Croft Vintage Port 2011
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Founded in 1588, the distinguished house of Croft is the oldest firm still active today as a Port wine producer. The company is renowned above all for its Vintage Ports as well as for its range of wood aged reserves and tawnies, time-honored styles refined by skill and experience passed down the generations. This is Croft's Vintage Port from the 2011 vintage. The way a vintage is declared is a traditional, time-honored process : April 23rd is St George’s Day, and one of the most eagerly awaited dates in the Port wine calendar. It is the date on which the ‘first growth’ Vintage Port houses announce their intentions in respect to the last single harvest. On 23rd April 2013 for example the announcement related to the 2011 vintage. The hope among wine merchants, collectors and Vintage Port enthusiast around the world was that Croft and other classic houses would declare the vintage, and they did. 2011 was hailed 'a classic' and Croft winemaker David Guimaraens exclaimed: ‘The 2011s stand out for the purity of the fruit and the quality of the tannins, which are silky and well integrated, but provide plenty of structure.’ The Wine Spectator gave the 2011 Port vintage 99 points saying it is a 'powerful and elegant vintage, with concentrated fruit flavors and plenty of grip; a benchmark vintage.'
As reported by The Telegraph : 'It does not happen often, but vintage port is having a moment. Make that a big moment: the declaration of the 2011 vintage is causing quite a rumpus. 2011 is a breathtakingly good year for port. If you are already a port fan then my advice is simple: pile in. If you have ever thought that maybe one day you will buy some to shove under the stairs and bring out in a decade or two, now is the time (though I recommend opening it on a Saturday afternoon when it can take centre stage, rather than at the end of one of those dinners when everyone gets a dangerous second wind at about midnight and you become a suddenly incredibly generous host). And if you have children or godchildren who were born in 2011 – well, what are you waiting for?'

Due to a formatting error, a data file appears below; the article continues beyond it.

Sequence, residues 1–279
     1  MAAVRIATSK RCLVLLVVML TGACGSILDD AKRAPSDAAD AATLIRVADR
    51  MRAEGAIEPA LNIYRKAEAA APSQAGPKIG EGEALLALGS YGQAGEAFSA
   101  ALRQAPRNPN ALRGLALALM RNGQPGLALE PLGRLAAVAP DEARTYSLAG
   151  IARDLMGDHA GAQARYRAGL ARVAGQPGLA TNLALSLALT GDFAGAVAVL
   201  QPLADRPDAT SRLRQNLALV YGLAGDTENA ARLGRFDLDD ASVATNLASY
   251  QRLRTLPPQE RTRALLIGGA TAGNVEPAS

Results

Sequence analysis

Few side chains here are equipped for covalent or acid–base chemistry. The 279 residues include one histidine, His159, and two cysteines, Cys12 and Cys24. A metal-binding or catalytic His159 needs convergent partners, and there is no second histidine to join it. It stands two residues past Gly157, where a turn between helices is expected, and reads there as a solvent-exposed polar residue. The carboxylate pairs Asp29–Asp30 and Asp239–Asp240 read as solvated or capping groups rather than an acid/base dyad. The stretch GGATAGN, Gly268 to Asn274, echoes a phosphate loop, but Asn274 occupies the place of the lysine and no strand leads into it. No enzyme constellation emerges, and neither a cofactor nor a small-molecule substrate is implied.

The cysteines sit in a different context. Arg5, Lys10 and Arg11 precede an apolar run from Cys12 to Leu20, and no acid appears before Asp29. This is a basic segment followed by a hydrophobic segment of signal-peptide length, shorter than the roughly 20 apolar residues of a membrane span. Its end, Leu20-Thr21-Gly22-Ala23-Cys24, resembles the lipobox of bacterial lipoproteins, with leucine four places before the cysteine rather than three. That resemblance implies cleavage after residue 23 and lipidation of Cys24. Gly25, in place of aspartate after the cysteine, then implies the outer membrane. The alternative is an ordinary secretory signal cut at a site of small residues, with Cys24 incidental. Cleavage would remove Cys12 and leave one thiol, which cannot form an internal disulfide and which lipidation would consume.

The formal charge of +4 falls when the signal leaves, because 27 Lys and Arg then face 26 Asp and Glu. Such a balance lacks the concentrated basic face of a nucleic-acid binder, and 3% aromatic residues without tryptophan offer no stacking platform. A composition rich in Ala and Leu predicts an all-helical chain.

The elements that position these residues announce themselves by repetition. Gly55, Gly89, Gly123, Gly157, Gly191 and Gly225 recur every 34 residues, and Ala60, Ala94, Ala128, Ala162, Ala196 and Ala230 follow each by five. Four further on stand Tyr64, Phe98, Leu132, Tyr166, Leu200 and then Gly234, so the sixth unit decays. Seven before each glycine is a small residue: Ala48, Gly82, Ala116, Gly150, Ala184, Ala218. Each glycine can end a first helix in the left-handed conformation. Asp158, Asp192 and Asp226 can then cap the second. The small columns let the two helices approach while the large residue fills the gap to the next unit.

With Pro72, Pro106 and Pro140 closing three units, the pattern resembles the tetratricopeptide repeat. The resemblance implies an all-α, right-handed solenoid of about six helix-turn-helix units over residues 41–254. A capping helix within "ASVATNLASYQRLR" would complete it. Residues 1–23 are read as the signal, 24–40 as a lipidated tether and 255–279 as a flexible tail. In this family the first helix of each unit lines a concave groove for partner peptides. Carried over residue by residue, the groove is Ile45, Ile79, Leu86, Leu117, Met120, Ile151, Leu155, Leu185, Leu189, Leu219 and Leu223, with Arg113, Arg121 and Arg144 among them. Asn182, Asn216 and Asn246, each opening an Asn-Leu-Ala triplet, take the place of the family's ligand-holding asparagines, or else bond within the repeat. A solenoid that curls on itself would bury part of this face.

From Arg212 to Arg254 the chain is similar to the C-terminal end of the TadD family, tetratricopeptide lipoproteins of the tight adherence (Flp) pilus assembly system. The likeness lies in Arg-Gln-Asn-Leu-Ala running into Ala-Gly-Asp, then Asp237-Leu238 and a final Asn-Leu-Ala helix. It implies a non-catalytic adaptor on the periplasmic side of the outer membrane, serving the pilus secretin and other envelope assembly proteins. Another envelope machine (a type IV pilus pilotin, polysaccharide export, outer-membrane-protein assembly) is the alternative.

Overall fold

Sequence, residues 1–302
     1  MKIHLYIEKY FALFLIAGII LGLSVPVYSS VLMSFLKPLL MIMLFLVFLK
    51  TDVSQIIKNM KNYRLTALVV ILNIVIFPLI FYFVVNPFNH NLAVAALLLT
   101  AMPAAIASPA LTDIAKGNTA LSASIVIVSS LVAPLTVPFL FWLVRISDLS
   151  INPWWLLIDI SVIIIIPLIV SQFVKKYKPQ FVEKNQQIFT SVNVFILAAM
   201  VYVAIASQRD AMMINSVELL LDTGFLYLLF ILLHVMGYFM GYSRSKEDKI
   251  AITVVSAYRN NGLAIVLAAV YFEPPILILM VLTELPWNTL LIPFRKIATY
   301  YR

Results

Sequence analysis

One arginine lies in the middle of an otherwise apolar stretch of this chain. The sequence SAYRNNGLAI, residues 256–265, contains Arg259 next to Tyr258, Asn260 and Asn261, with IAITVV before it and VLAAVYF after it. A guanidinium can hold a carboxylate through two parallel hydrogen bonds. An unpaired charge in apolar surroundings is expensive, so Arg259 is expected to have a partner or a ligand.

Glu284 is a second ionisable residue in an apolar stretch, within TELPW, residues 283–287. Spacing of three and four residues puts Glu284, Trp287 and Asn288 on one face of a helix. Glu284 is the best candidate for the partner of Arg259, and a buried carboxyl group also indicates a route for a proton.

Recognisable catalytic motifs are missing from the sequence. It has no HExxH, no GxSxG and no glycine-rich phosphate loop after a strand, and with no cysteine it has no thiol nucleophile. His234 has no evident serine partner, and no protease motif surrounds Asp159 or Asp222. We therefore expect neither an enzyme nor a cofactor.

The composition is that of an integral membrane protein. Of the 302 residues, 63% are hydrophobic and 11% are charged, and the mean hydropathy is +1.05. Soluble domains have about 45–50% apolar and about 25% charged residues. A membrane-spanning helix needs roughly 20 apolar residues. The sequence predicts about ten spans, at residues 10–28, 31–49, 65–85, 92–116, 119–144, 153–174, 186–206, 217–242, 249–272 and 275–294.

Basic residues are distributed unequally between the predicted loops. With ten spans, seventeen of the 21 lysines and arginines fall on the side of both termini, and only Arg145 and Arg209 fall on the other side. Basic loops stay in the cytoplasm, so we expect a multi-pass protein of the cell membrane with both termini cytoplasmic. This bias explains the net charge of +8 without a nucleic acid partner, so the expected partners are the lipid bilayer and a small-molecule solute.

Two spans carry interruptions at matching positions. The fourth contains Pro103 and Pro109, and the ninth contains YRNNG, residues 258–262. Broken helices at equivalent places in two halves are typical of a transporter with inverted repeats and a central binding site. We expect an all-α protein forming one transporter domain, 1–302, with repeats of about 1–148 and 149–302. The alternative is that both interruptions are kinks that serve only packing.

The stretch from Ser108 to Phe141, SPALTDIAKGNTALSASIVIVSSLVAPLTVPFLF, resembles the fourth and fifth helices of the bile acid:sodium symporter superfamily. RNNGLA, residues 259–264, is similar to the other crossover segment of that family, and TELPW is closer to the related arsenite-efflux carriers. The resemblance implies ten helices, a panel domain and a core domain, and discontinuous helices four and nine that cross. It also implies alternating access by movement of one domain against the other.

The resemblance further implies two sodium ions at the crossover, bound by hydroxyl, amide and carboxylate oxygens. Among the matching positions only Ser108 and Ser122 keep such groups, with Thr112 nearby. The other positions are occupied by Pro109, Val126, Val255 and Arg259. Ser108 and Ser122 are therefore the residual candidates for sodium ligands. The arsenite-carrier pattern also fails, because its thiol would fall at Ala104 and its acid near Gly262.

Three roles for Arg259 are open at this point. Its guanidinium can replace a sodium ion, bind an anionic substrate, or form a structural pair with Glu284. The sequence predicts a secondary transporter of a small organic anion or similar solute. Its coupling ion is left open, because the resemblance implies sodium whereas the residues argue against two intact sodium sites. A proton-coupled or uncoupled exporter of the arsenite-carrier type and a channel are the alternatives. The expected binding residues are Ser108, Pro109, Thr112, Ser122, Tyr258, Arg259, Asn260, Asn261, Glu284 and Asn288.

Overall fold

Wine SpectatorEffusively juicy, rich and concentrated, showing plenty of snap to the crisp and well-spiced flavors of wild berry, dark currant and plum tart. Orange-infused chocolate notes linger on the exotic, mocha-filled finish. Best from 2020 through 2045. 5,000 cases made.
Wine EnthusiastThis shows very sweet fruit that's ripe, dense and already delicious. That doesn't mean the tannins don't bring out the firmness at the core of this powerful wine. It is integrated, packed with black plum flavors, and full bodied. For long-term aging.
Wine AdvocateThe 2011 Croft is initially taciturn on the nose, even after allowing it 20 minutes in my glass. A light swirling immediately awakens the aromatics to offer blackberry, Seville orange marmalade, blueberries and dried fig - complex and quite compelling. There is real mineralite within this bouquet that, returning after 30 minutes, offers alluring ocean spray scents rolling in off the ocean. The palate is medium-bodied with a velvety-smooth opening that belies the fine, structured tannins underneath. It clams up a little towards the finish, shuts the lid tight and consequently there is the sensation of less persistency here compared to the Taylor's or Fonseca. But Croft has a knack of filling out with bottle age and becomes both gentle and generous with the passing years. Tasted May 2013. 92-95